With audio and video stores becoming scarcer and scarcer, the question is fast becoming, is there any future at all for retailers and manufacturers of higher end A/V gear?
“I don’t know, I’m concerned,” says John Kiefer, practically the last man standing out of what once were scores of Kansas City and Lawrence area electronics retailers. “Look at who lost money last year, Sony. For 60 some odd years Sony was profitable and they lost money last year. I’m questioning if there is a future.”
The problem in part being younger people no longer seem interested in pouring money into higher end audio equipment. They prefer gadgets.
“There’s no motive for manufacturers to build upscale audio,” Kiefer says. “The people who come in to buy upscale audio today are really rich people, but even they don’t want to spend that much money because they’ve been on the internet and seen lower prices. And in order to make the economy strong again, we have to to start taxing the internet.”
That’s where demise of audio, video and music stores started, Kiefer says.
“It all ended when the computer came along,” he says. “It made the average guy sitting there with his dummy machine think that he had all the answers. People come in now and tell us. We’ve become the best data collecting society that doesn’t know a damn thing about what they are talking about.
“A guy came in yesterday and said, ‘I want to buy a Yamaha soundbar.’ It wasn’t even out but he thinks it is and he said, ‘Oh no, it’s out.’ But you can’t buy something that doesn’t exist yet.”
As for the future, “There won’t be a future without profit,” Kiefer says. “I have a prediction, but I don’t know if I’m right. Here’s my prediction:
“Take Yamaha. They make entry level products, mid level products, performance level products and high performance, state-of-the-art products. And those levels are all priced accordingly. It’s like grade school level basketball, high school level, college level and pros.
“And people will look at the high performance models but say, “I don’t want to pay that much’ and they rationalize buying the lower tier models. But they get what they paid for – they don’t get anything – they get just what they paid for.”
Now a little local A/V history…
“Brandsmart put David Beatty Stereo out of business,” Kiefer says. Because it got lines like Yamaha that formerly were exclusive to Beatty. And Nebraska Furniture Mart and Ultimate put Brandsmart out of business. And it wasn’t just Yamaha – it was audio – because the Japanese wanted growth.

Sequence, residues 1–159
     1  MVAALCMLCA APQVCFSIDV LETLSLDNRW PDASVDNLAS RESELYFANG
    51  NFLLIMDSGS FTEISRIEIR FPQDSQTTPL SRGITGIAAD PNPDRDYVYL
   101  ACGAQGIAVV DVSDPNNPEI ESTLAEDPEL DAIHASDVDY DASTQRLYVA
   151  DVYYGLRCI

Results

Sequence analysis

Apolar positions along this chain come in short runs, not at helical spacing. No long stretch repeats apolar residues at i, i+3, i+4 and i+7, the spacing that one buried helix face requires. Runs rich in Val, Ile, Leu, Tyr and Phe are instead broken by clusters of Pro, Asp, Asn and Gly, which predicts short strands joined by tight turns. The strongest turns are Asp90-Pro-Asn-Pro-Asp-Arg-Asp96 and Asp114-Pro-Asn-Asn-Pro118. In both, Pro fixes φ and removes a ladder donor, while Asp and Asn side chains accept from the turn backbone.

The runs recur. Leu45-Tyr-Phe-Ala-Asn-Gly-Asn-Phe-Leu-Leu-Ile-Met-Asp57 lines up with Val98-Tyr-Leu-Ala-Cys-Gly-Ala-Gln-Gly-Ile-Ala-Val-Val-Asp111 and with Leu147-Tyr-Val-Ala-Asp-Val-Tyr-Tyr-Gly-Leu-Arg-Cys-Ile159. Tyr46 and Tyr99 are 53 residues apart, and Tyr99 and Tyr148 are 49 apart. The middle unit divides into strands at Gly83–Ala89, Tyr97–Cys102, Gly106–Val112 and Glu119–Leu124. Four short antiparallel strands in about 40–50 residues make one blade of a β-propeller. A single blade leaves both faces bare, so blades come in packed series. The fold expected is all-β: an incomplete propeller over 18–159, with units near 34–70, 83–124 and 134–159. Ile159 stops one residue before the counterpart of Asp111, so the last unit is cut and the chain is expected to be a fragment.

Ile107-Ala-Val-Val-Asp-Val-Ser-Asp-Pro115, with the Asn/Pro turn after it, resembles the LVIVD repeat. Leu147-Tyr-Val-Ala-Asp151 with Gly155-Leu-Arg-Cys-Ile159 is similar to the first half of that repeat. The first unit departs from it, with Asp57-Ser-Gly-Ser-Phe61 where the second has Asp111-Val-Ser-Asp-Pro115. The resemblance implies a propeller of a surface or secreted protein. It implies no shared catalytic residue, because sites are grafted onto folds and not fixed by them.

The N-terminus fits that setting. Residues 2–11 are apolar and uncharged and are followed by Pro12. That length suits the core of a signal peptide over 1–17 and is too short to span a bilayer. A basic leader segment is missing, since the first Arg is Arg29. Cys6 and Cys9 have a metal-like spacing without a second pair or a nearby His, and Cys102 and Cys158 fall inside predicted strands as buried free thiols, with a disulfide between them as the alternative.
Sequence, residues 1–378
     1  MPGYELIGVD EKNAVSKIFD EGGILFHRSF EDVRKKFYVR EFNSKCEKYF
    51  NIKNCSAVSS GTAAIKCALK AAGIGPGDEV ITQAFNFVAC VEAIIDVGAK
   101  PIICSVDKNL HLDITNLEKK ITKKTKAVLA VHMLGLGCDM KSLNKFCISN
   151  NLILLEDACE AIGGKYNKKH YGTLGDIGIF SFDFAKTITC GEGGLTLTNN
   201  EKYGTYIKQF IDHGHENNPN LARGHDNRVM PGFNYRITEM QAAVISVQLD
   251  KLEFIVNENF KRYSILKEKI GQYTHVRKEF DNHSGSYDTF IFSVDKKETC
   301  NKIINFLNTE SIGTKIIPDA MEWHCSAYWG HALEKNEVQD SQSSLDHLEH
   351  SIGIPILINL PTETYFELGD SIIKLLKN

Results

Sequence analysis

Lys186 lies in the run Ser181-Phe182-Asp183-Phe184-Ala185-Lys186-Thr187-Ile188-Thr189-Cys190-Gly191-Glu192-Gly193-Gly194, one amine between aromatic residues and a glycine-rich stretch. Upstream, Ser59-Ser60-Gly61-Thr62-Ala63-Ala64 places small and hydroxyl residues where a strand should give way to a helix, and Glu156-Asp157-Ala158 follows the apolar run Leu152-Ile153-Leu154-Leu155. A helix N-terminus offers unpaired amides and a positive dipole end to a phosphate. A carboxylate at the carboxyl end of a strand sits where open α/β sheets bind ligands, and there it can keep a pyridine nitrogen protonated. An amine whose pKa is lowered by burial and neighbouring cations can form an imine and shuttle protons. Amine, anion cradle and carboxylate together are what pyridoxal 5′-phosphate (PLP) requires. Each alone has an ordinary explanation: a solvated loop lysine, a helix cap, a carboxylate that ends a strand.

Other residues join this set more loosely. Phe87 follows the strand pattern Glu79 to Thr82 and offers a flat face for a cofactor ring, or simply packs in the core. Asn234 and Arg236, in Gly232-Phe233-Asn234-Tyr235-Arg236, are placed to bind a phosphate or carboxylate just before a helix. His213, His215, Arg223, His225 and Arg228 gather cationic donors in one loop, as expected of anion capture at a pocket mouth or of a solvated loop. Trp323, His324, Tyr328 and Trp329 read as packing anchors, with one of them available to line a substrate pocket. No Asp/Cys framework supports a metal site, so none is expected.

“When Brandsmart got Yamaha – Beatty used to sell it at a 40 percent margin – I know, I was carrying Yamaha here in Lawrence then. Then Brandsmart set the margin at 28 percent and Beatty lost so much business that he switched to Denon. And Denon was good, it was as good as Yamaha. So then, what was the next line Brandsmart went after? Denon.
“Pretty soon Beatty was pretty much left only with McIntosh and B&O. But the more upscale you go, the lower the volume and there wasn’t enough volume to support the store so Beatty went out of business.”
Does anybody much today have any kind of desire for higher end audio?
“Yeah, they want it, but it can’t get above a certain price,” Kiefer says. “So here’s the question; how do you build something if you can’t sell it at a profit? Why would you? You won’t. You’ll stop building.”
With mid level A/V retailer Best Buy earnings down 20 to 25 percent – its frisky founder backing away from his recent attempts to buy back the company – Radio Shack hemorrhaging red ink bucks and Circuit City and Ultimate Electronics dead and buried, the outlook is beyond bleak.
Kiefer’s bottom line?
“There are roughly 18 million people in the New York area and there’s three retail stores like Kief’s,” he says. “I would say if there’s two million or more people in an area, there’ll be one real, upscale audio store. And if there’s four million people, there’ll be two.”
How about cities with populations of a half million to a million?
“Probably no one,” Kiefer says. “Maybe a midlevel store like us. Although we do have a few high end items and can order them.”